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The Legal Limits Of Debt Collectors

feldman_amy Amy Feldman
Amy E. Feldman is a business commentator and legal business...
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By Amy E. Feldman

PHILADELPHIA (CBS) - Afraid to answer the phone because of bill collectors? Here’s some information about your rights under the law.

Statistics show that close to 400,000 complaints were made to the Federal Trade Commission about debt collectors. If you are getting calls from debt collectors, you need to know that there are laws that protect you. Here’s what you need to know:

A debt collector may contact you in person, by mail, telephone, telegram, or fax, but may not contact you at inconvenient times or places – for example, before 8am or after 9pm – unless you agree. A debt collector may not contact you at work if the collector is aware that your employer prohibits it.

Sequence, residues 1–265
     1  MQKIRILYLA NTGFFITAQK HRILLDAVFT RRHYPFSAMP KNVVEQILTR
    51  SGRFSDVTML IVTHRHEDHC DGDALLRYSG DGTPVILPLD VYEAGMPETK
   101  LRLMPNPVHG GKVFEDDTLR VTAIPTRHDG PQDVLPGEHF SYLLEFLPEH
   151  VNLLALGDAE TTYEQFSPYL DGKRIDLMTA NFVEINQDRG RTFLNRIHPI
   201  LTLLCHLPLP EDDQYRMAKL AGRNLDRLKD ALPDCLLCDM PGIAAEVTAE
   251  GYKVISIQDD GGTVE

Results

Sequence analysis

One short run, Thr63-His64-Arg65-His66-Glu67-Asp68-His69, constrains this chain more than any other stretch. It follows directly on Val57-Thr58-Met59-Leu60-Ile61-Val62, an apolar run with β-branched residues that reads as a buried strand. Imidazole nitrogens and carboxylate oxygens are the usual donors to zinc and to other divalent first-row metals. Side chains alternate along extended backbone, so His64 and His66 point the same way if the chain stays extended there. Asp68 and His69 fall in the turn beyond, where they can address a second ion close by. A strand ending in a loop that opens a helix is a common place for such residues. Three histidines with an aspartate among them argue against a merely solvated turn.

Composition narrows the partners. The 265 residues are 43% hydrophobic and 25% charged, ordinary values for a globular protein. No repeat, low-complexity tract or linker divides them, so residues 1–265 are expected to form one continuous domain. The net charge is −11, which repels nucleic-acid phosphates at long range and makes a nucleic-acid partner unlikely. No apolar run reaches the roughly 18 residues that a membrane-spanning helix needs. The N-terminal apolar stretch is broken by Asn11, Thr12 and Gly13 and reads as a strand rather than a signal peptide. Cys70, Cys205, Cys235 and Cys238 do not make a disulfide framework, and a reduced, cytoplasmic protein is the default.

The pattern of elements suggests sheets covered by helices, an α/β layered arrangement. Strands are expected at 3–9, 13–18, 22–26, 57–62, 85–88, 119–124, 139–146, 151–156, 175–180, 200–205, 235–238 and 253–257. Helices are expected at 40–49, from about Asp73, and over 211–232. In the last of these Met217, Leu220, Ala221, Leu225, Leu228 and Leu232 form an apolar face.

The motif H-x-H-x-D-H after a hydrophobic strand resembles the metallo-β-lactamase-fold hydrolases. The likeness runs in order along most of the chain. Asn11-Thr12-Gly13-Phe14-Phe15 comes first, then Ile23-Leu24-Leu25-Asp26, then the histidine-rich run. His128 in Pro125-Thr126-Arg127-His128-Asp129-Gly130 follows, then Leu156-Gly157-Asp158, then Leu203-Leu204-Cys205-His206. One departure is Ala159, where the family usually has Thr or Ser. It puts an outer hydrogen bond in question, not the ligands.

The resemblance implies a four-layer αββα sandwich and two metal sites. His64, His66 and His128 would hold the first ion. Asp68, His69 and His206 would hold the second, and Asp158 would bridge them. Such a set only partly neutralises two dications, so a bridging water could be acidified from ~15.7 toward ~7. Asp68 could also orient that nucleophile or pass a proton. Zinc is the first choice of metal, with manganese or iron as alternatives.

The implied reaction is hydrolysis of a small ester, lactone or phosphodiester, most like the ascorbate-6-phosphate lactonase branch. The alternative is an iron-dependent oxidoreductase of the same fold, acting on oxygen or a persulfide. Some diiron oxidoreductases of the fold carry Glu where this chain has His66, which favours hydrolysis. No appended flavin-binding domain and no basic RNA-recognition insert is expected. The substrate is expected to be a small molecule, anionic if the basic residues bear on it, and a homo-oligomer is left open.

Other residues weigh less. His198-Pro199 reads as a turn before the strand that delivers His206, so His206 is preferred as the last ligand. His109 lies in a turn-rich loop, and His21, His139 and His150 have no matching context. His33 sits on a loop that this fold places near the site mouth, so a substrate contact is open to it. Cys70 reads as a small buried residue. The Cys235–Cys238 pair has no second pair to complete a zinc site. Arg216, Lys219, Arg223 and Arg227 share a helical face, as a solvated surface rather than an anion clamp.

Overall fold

If an attorney is representing you about the debt, the debt collector must contact the attorney, rather than you. If you don’t have an attorney, a collector may contact other people only to find out your address, your phone number, and where you work.

A debt collector may not harass, oppress, or abuse you or any third parties they contact about you.

A debt collector may not lie or mislead anyone when collecting a debt. The bills may have piled up, but at least you have something of a bill of rights against the overzealous debt collectors looking to get you to pay those bills.